UK trying to buy second-hand Russian-made weapons

UK trying to buy second-hand Russian-made weapons

London is trying to buy second-hand Russian-made weapons, according to the country s defense minister.

British defense officials and diplomats are actively trying to procure old Soviet-made and Russian-made weaponry worldwide to give them access to Ukraine, Defense Secretary Ben Wallace said.

Wallace told reporters in Washington on Wednesday that large parts of the ministry of defense and defense attaches around the world have been looking.

Russian officials are trying to do the same, the minister claimed, insisting that Moscow has been running out of its war stock. Sometimes we ve bumped into Russians looking for some of their resupplies because they are running out fast, he claimed.

Wallace stated that Soviet-made weaponry is the best choice to prop up Kiev in its fight against Moscow, given that Ukrainian forces are familiar with such hardware.

Multiple European nations have sent old Soviet-made weapons to Ukraine, despite the ongoing conflict that has left the stockpiles left from the Cold War era. The US sent in Mi-17 helicopters it had procured for Afghanistan but never delivered due to the collapse of the Western-propped government last year.

The UK has been one of the top supporters and suppliers of Kiev, sending thousands of anti-tank missiles into the country ahead of a large Russian military operation in late February. An additional package of heavy weaponry for Kiev has been approved by London, which includes anti-aircraft weapons, assorted missiles, drones, and various armored vehicles.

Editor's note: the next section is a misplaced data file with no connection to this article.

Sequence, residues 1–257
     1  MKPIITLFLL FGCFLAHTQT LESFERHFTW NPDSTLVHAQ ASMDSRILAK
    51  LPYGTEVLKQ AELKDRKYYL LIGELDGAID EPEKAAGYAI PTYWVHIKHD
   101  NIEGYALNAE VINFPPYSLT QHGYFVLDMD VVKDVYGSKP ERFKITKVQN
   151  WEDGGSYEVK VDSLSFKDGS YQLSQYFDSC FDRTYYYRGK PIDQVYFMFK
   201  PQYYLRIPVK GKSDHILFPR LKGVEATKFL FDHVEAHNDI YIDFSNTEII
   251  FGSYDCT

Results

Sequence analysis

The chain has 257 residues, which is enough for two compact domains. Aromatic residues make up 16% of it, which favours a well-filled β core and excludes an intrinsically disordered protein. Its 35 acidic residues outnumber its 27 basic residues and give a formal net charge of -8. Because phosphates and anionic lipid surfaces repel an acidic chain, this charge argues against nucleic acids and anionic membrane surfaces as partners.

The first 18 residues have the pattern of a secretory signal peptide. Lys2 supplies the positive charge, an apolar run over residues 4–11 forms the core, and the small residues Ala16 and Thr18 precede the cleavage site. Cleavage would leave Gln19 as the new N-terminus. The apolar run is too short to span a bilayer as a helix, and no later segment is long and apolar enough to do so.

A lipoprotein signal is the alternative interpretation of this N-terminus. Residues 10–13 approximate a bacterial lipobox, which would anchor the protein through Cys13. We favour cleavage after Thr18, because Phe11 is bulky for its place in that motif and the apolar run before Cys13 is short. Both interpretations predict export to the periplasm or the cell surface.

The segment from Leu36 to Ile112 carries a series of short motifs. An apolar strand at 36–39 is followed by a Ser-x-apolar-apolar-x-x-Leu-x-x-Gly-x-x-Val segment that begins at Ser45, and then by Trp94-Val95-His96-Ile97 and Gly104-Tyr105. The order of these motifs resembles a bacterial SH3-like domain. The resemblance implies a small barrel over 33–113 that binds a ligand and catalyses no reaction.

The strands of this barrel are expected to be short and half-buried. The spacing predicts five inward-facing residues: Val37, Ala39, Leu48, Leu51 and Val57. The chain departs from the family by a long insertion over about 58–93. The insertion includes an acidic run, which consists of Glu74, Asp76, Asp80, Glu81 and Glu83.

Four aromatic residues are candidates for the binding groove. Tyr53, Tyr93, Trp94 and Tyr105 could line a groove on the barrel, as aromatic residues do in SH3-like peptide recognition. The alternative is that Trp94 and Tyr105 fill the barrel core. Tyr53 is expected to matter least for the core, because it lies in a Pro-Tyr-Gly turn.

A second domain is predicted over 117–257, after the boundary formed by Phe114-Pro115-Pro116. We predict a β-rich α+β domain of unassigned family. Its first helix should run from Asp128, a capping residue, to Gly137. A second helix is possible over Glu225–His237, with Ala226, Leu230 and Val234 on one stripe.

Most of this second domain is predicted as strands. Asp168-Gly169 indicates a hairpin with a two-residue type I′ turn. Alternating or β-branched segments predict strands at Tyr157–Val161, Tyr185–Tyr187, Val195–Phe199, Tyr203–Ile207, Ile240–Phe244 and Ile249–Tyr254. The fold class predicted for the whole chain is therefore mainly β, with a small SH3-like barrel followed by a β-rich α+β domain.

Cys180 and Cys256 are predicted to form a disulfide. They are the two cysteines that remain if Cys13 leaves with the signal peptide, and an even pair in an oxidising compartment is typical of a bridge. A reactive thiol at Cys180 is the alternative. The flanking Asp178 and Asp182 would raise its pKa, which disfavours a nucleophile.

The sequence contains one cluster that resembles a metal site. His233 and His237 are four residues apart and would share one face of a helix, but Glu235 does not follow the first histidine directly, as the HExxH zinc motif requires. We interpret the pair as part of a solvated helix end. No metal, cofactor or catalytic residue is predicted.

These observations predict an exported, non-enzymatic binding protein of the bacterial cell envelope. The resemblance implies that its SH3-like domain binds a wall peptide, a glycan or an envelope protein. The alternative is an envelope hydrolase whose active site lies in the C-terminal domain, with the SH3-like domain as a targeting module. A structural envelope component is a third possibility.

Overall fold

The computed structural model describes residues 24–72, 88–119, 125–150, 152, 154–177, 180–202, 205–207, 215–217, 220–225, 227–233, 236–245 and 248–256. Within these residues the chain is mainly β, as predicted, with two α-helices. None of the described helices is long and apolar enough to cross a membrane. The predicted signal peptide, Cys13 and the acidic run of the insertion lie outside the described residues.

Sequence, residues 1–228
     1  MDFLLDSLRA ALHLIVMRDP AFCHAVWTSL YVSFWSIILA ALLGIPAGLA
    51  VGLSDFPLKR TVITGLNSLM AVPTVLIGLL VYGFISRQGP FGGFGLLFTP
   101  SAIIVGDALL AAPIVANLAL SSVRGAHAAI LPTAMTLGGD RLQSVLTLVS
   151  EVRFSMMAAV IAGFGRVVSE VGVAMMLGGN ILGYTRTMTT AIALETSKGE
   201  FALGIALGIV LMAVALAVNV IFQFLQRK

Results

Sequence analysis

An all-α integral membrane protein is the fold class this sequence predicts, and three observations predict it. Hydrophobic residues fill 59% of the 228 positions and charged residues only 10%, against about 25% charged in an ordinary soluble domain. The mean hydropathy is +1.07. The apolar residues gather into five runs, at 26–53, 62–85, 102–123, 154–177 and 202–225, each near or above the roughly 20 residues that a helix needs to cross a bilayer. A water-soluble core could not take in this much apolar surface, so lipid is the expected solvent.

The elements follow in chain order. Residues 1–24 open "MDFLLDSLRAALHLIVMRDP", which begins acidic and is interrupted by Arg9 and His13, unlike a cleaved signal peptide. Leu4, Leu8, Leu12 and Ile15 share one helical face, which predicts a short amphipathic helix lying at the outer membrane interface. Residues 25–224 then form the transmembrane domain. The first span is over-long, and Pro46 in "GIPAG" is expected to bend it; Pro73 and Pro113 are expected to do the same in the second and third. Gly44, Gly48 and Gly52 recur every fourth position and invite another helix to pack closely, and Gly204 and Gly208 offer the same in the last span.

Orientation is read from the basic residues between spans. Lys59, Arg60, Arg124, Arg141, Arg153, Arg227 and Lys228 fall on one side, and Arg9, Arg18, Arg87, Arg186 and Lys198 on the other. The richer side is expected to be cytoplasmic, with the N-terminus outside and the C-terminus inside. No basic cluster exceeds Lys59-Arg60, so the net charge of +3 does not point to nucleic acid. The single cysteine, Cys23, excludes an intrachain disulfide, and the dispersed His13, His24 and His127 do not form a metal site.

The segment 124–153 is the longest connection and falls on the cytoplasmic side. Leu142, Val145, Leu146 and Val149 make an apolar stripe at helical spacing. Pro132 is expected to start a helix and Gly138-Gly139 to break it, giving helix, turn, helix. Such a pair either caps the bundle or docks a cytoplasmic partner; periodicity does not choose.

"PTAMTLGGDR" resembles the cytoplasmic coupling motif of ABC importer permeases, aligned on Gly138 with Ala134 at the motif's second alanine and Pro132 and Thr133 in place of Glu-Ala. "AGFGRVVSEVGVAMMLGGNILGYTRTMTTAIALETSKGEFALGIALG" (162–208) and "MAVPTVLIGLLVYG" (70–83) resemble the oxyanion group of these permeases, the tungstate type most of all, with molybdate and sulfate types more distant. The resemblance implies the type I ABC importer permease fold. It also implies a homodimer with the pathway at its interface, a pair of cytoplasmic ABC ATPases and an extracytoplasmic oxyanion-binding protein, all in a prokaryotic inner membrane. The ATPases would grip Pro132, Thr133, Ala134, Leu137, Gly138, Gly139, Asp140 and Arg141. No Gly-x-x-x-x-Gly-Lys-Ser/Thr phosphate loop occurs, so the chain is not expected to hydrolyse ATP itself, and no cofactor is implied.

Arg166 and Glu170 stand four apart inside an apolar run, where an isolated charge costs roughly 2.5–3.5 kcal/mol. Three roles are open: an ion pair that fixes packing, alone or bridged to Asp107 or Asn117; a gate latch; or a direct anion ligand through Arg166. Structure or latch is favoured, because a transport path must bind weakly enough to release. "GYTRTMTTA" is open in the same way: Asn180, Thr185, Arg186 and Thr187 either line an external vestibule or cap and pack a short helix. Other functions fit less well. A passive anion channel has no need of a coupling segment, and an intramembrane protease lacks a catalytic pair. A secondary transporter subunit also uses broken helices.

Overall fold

Moscow has repeatedly urged the West not to pump Kiev with weapons, with top officials admitting that the conflict has already turned into a proxy war waged by NATO against Russia. Moscow has warned that the continuous supply will only prolong the conflict rather than change its outcome.

Russia attacked the neighbouring state after Ukraine failed to implement the terms of the Minsk agreements, first signed in 2014, and Moscow s eventual recognition of the Donbass republics of Donetsk and Lugansk. The German and French-brokered Minsk Protocol was designed to give the breakaway regions special status within the Ukrainian state.

The Kremlin has demanded that Ukraine officially declare itself a neutral country that will never join the US-led NATO military bloc. Kiev insists that the Russian offensive was unprovoked and has denied that it was planning to retake the two republics by force.